For those of you who are unfamiliar with Veracruz, it's a state on the Mexican coast, not too far from Texas, bordered by the Gulf to the east and the Sierra Madre to the west, where traditional Latin American and Spanish influences meet and mingle. For those of you who don't speak Spanish, the title of Aztlan Dance Company's production Veracruz: Feria de Flores, Nostalgia de Amores roughly translates to "Veracruz: The Fair of Flowers, the Nostalgia of Love."
"Veracruz is a central place of cultural interaction," says Roén Salinas, Aztlan's artistic director. "With this piece, we are creating a contemporary story about these varying influences. We start with what I call 'Olmeca,' a re-creation of Mother Earth culture, which reflects our indigenous past. That's followed by 'Duende: Passion Echos,' which translates to 'Night Spirit Passions,' a piece that reflects the Spanish influence within the culture of Veracruz. Then we jump ahead to 'Nostalgia de Cinema,' where there is the formation of a new culture, mestizo culture, in which the old and new worlds join to create an embodiment of both worlds. Mexican cinema is our inspiration because it became an expression of the new culture within regional communities and really captures Spanish culture within a Mexican concept."
Aztlan invited me to a rehearsal of the entire production, and in my gringo ignorance, I was expecting tango and flamenco. Instead, I was taken on a balletic, primitive, humorous journey, by turns enchanting, graceful, and powerful, and after around a solid hour of pure entertainment, the Aztlan dancers really let loose. If the term "Ballet folklórico" isn't familiar, just think Latinas with real curves, lifting their long skirts and stomping their boots rhythmically at an ever-increasing tempo, and you're right in the middle of it.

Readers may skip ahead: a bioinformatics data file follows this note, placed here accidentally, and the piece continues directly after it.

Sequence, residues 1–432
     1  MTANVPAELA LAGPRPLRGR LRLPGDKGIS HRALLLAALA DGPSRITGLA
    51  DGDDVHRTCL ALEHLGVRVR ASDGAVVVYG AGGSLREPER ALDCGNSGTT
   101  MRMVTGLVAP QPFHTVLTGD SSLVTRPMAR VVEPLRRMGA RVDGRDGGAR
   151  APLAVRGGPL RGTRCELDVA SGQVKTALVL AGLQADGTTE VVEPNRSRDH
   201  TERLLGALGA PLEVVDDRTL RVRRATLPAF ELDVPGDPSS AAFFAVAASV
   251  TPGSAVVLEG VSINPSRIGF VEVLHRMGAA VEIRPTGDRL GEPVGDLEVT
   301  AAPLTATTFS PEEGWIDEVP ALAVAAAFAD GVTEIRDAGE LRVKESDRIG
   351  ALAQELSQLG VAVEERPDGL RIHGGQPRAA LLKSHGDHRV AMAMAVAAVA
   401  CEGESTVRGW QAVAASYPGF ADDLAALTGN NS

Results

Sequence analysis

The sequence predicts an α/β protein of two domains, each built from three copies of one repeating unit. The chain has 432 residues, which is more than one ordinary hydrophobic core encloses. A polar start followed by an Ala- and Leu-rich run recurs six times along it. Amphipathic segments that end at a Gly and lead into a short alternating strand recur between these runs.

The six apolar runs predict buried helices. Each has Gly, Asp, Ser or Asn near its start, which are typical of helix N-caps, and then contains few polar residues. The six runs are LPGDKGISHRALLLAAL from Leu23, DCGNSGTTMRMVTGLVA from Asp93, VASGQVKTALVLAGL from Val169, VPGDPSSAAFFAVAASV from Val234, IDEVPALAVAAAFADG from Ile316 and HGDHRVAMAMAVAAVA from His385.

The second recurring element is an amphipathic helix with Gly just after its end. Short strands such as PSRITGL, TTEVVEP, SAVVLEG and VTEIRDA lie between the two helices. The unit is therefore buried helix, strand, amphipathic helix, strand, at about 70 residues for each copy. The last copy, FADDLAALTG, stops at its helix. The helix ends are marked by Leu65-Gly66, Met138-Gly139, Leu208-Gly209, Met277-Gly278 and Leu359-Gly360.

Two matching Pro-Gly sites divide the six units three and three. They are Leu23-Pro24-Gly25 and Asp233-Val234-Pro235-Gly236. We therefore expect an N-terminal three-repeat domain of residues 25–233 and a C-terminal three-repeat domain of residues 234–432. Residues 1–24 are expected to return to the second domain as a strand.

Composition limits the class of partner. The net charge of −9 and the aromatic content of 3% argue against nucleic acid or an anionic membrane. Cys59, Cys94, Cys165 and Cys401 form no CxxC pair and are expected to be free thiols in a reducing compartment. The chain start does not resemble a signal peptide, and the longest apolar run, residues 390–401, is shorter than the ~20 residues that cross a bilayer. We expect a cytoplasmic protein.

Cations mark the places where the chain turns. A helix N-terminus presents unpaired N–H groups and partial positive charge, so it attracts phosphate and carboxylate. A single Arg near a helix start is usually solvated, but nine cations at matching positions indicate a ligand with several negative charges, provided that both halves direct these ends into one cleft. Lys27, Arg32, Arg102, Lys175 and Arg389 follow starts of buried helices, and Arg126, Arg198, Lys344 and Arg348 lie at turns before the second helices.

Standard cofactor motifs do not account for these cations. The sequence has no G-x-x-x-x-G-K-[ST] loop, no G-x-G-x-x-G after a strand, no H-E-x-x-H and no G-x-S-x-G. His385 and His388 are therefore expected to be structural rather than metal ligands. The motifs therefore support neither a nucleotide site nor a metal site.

"The first three pieces are meant as reflections on history," says Salinas. "In the final segment, I want to bring things home to something very regional and folkloric, something that everybody can relate to in a very immediate way. Ballet folklórico can be found in any Hispanic community throughout Mexico and the United States, so for me it was important to tie everything back to home."
The rehearsal ended a full 90 minutes after it started. The ladies who had carried the production seemingly without effort finally had broken a sweat. Miraculously, the roof had stayed on the Santa Cruz Center for Culture, and I was ready to get up and do a little dancing myself. But you don't have to dance. You can just sit and watch and be completely carried away.
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